The schools that teach you how to read and write don’t teach you to write creatively. That’s because creativity is goddamn hard to teach – I’d say impossible in many situations. Those schools only teach you how to read and write the common texts: the texts by means of which the language of power is disseminated, through which institutions assert their presence, through which the reader/writer admits of his/her disempowerment. Here, in such cases, writing too is a form of reading – in the sense that it must happen in a common space, under the sanction of a common law, with the strength of a common ability.
Being able to read the ticket you got for miss-parking your car is equivalent to being able to fill the payment slip. That’s why the two of them come together: the fine on one side, the payment slip on the other. The language of power and disempowerment make it clear as daylight that the two things are meant to be understood as one. You take what is given and give what is demanded. You read and write at the same time, since what you’re doing is called acknowledgement.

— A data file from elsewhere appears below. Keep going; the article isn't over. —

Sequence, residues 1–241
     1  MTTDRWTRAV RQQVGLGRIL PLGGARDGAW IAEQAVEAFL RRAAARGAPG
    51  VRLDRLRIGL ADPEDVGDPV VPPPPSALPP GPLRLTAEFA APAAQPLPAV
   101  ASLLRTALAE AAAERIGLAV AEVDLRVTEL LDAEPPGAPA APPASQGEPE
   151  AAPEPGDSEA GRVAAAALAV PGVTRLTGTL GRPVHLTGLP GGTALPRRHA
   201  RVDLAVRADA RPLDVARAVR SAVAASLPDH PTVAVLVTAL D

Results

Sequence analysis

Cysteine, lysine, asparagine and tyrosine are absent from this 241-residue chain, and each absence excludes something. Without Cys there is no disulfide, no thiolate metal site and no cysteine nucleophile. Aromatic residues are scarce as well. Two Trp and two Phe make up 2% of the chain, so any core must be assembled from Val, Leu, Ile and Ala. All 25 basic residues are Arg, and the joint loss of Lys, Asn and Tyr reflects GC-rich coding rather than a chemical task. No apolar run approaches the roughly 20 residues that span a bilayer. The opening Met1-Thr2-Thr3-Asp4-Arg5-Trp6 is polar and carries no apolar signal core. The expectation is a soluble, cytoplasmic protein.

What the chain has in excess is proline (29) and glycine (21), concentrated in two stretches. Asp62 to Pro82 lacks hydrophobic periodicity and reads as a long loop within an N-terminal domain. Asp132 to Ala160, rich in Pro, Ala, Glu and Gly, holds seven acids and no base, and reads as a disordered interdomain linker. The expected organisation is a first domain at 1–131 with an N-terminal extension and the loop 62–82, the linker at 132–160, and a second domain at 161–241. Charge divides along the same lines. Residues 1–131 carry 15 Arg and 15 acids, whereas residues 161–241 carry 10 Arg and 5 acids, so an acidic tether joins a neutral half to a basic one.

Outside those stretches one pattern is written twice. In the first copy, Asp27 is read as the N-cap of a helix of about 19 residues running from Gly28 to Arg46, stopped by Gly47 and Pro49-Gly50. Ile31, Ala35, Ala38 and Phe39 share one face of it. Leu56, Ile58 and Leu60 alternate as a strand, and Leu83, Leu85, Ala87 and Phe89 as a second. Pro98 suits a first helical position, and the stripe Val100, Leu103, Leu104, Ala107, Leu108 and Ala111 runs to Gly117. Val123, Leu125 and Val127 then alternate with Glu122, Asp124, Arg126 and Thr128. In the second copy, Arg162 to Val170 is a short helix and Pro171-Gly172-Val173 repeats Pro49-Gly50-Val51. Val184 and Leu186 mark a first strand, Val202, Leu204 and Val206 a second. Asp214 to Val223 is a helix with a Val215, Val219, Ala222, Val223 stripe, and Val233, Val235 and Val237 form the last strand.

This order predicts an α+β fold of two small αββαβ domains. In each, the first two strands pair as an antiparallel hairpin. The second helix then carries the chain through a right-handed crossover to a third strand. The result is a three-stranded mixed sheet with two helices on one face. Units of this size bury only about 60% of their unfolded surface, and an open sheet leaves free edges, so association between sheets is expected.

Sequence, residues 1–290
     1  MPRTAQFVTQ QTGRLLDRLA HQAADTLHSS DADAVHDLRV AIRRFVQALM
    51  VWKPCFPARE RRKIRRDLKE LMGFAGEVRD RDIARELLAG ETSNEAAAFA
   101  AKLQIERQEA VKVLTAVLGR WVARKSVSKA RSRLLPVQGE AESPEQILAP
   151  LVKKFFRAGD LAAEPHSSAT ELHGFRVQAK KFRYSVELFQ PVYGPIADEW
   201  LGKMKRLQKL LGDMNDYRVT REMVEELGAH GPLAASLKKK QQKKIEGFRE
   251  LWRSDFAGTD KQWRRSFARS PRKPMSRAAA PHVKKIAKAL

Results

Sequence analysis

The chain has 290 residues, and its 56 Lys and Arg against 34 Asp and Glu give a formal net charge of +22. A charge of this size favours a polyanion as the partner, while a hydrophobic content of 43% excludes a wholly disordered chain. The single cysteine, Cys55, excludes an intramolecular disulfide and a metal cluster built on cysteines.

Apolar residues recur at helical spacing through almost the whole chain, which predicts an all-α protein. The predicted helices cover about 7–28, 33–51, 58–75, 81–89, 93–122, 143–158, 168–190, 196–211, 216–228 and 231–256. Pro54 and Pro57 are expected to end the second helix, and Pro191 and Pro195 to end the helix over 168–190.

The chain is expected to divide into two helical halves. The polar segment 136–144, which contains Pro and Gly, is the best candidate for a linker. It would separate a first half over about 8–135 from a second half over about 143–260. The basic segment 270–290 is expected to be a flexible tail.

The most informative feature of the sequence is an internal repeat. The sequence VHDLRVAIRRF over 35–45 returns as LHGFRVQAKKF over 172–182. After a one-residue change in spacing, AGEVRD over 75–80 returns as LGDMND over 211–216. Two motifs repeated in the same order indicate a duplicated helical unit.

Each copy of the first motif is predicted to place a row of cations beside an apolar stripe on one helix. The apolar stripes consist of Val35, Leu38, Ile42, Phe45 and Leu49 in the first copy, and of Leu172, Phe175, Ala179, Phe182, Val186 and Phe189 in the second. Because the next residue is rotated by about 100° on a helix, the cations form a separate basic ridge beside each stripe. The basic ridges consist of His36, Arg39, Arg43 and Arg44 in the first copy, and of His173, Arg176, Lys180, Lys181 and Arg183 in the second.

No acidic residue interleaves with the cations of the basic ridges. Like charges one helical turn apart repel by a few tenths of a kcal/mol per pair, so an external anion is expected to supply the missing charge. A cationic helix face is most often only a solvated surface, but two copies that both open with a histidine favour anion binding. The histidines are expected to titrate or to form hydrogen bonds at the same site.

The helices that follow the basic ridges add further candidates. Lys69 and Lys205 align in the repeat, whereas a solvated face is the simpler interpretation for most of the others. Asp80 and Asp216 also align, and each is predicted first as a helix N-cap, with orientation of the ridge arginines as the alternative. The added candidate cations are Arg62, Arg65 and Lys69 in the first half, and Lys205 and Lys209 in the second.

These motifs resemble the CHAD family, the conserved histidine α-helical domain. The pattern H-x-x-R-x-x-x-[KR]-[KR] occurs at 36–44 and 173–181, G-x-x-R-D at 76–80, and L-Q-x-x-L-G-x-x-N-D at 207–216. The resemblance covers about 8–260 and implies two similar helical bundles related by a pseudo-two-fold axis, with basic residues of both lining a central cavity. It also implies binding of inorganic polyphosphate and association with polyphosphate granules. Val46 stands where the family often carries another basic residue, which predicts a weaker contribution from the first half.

When you read you acknowledge the presence of the text. You enter a territory where the text has already been, waiting for you. It’s not the same with writing. When you write you bring the text with you. You populate the blank page with words that where not there in the first place.
So writing goes hand in hand with surprises, with events. The appearance of a sign on a page is equal to an explosion on a field covered by snow.
Wow! You didn’t know that sign, down there, was possible. You didn’t know the page was capable of containing, in its whiteness, in its blamelessness, a sign – any sign at all.

Source: The Gnomon Workshop
A writing literacy would require, as far as I can imagine it, familiarization with the idea of surprise. A writer must know how to build suspense, how to hold on to the silence of the page and use it to advance his cunning plan of catching the reader unaware. In order to learn to write one needs to learn how to cook up a storm, but also how to keep it in check till the right moment. Writing is, indeed, about finding the right moment. I don’t mean ‘the moment of inspiration’ (at least that cliché I can skip!) but the moment when what is written reaches a climax; when the text has an impact. Like an asteroid hitting a planet and transforming it forever. There’s no denying that a word on a blank page transforms the page. Leave a dot on that page, a full stop, nothing more – it is enough; the page is no longer what it used to be.